## a slant and fact slam

Bibi wrote:

Don’t you think that it would have been better for your career if you would have sticked more to the math and physics you were dealing with in your daily work than with this quite political stuff? As I understood nuclear science is not your speicality so I bet there are enough nuclear scientists who could do a better job than you in explaining the above. For example you could discuss articles in your subject or report about talks. For your art and design audience you could for example explain basic but essential things like vector diagrams.

Victor wrote:

Hi Bibi – I am Victor but I am no diagram!
You are right, important science should explained by experts.
Nuclear tech is clean tech. Author is non-expert.
But randform blog is entertaining. Gives me good times.
Bibi did you see blog post with title: “randform was a bit on the sites” ?
Unemployed randform author says Bill Gates investment in
TWR technology is probably critical! So funny.

This post is an answer to the above comments. The answer includes also a brief outlook on future randform activities.

Bibi wrote: Don’t you think that it would have been better for your career if you would have sticked more to the math and physics you were dealing with in your daily work than with this quite political stuff?

I wrote here (and repeated it here) that it is important to distinguish between aspects which can be rather scientifically assessed (which refer to “scientific FACTS or arguments”) and emotional/political aspects (which refer to personal “opinions or SLANTS”). From the comment on we-make-money-not-art:

Let me explain what I mean with political descisions: I think I would myself opt for using nuclear energy e.g. if nothing works anymore and everybody would be starving. Luckily we are not yet at that point. I would not opt to use nuclear energy so that jetting around becomes easy and cheap, since I know about the risks of nuclear energy. One could avoid a lot of that waste of energy without too much pain. So in a political debate you have to balance the known scientific facts. And people have to be informed. Especially about the risks.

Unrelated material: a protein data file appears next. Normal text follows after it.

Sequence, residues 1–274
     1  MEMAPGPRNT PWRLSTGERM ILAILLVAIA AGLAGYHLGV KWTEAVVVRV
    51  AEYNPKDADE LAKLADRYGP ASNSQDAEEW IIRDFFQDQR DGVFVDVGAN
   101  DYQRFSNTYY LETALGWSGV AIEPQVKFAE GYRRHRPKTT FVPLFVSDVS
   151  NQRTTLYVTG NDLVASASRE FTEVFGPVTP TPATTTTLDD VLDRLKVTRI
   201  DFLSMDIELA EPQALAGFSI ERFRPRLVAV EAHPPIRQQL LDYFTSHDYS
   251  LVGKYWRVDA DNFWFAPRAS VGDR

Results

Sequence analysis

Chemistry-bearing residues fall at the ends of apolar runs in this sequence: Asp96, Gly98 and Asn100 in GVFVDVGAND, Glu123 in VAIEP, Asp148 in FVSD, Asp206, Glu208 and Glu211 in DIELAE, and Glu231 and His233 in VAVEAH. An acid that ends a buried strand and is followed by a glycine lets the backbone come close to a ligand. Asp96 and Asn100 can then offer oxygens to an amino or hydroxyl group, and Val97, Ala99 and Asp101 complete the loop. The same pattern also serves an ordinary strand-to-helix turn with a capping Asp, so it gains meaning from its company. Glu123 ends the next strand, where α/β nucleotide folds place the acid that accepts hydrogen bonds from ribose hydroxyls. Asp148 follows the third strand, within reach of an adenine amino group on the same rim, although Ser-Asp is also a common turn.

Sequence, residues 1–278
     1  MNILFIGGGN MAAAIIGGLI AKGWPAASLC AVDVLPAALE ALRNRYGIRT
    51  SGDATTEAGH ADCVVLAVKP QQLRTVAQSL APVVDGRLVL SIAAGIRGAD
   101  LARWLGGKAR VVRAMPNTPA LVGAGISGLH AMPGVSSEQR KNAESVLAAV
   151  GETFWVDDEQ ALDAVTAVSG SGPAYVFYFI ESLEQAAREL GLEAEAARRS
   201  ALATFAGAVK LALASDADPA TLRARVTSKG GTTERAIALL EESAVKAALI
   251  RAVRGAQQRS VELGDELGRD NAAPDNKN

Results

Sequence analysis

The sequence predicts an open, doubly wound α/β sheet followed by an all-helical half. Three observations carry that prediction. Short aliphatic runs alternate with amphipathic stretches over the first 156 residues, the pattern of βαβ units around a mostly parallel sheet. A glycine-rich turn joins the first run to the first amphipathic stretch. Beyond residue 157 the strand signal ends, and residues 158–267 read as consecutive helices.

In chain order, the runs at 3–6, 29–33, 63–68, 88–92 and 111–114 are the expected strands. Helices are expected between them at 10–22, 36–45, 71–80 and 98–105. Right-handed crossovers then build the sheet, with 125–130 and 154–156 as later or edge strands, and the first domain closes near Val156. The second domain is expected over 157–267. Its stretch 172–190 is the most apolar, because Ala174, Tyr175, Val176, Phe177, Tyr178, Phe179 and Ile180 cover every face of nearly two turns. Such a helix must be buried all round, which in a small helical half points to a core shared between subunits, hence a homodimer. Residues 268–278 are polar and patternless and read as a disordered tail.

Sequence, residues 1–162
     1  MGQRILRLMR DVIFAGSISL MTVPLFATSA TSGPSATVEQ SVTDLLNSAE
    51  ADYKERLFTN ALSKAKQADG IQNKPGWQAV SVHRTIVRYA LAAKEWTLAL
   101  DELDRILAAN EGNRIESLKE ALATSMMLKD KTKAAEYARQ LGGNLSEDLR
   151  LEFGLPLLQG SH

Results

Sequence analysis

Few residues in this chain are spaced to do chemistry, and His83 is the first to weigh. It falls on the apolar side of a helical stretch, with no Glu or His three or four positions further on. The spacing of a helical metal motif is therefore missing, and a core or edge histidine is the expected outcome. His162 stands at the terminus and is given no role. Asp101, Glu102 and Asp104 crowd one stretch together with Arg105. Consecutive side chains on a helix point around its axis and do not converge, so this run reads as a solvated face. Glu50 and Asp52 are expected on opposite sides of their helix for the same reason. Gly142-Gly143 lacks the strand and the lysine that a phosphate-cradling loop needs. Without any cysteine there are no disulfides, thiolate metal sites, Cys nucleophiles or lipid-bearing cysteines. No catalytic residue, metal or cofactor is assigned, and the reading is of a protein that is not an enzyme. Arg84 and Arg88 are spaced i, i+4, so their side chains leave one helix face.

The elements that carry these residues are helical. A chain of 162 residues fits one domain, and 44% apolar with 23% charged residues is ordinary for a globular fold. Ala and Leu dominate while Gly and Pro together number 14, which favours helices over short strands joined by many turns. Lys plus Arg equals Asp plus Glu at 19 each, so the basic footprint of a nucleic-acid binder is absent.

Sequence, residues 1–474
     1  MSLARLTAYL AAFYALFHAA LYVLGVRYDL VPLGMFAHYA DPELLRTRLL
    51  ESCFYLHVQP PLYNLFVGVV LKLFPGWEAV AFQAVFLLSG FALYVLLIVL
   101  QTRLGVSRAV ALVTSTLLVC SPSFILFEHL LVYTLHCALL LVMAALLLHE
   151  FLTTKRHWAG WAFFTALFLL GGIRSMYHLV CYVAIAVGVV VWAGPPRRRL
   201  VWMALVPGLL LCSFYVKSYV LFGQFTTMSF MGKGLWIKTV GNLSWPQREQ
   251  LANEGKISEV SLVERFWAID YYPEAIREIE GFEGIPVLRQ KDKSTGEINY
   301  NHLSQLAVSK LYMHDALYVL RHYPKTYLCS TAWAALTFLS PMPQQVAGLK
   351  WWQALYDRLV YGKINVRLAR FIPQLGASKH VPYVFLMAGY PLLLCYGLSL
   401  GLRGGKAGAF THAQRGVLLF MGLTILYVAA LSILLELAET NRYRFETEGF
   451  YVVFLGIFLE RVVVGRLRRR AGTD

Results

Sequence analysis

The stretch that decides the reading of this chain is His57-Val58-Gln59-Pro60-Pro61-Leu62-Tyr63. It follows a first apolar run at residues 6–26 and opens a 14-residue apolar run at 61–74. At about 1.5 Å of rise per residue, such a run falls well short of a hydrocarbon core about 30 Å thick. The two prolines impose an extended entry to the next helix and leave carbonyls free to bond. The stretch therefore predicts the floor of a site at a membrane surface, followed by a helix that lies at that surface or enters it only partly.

Hence you are right my claim -that I think it is currently better to stay away from nuclear power generation- is a personal choice and it is a political statement. In the posts I tried to list and link the scientific arguments on which this political claim is balanced. In particular if you come up with strong enough scientific arguments, like important arguments that I haven’t considered or arguments which correct a scientific fact or interpretation I might change my opinion. However I have thought about this issue for quite a bit and weighed the arguments quite a lot forth and back.

So the blog posts on nuclear energy were intended as a collection of science related links and they are not a political rant. In general I think it is -especially as a scientist- important to make also a political statement, because it gives those people a guideline, who do not know all the scientific facts. It is however important to mark what is a personal opinion,i.e. something which is balanced on scientific facts but which is still an opinion. (In some cases it will not be easy to distinguish between personal opinion and scientific claims, because for example the scientific data might be too blurry, incomplete or contradicting, one could call this then may be a scientific opinion). I think it would be useful if every scientist would make at least some of her/his opinions visible (but mark them as such).

Bibi wrote: As I understood nuclear science is not your speicality so I bet there are enough nuclear scientists who could do a better job than you in explaining the above.